Album Review: Plastic Ono Band
The Dream is Over—But a Fresh Start for John Lennon is What We Really Needed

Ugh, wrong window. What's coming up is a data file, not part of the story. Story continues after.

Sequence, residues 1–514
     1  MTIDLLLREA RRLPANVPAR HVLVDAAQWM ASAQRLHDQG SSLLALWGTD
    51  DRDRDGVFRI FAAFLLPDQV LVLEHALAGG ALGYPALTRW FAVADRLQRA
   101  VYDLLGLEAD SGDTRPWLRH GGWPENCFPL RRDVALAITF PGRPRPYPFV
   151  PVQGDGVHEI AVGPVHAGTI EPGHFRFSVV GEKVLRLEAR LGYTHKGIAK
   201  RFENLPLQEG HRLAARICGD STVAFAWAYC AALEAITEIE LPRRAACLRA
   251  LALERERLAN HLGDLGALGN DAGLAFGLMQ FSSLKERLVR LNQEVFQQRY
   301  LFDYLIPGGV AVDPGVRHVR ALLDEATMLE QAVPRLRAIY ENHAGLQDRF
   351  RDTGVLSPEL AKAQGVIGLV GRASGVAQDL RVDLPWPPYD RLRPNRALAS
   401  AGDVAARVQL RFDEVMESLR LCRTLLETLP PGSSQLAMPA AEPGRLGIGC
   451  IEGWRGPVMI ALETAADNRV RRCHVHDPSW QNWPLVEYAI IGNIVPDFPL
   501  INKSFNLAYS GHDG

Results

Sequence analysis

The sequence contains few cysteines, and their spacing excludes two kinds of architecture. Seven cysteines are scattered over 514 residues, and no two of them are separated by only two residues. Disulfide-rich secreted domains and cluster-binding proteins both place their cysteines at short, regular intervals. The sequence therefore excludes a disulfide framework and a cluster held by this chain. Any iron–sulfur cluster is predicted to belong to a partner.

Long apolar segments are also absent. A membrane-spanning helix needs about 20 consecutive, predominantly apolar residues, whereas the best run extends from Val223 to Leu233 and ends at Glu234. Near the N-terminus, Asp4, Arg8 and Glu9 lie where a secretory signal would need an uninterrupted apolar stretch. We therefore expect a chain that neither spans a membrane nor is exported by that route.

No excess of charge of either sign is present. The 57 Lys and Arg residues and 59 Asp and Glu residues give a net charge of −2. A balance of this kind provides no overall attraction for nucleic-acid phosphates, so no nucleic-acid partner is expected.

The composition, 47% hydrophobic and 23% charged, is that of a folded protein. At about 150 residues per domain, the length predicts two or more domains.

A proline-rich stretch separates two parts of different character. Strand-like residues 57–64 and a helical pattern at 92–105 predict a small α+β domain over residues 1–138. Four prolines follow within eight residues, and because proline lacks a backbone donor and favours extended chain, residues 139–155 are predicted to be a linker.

“The dream is over.” John Lennon marked the end of an era with the debut of his solo record, released on December 11, 1970. Plastic Ono Band is a far departure from the liveliness of “Love Me Do” or “Drive My Car” on earlier Beatles albums, and exhibits all the real, raw emotion and pain that makes this album intense, lyrically and compositionally. In an interview with John Lennon after Plastic Ono Band’s release, radio show host Kenny Everett commented that it “seems to not be as jolly as your last one.” To that, Lennon responds, “you know, life isn’t jolly, it’s a bit of both, this album is a bit of both.” A little bit of both characterizes this album well. It isn’t the Beatles, it’s John Lennon and his own emotions, which may not have fans humming after the first listen, but are certainly enough for powerful, impactful lyrics.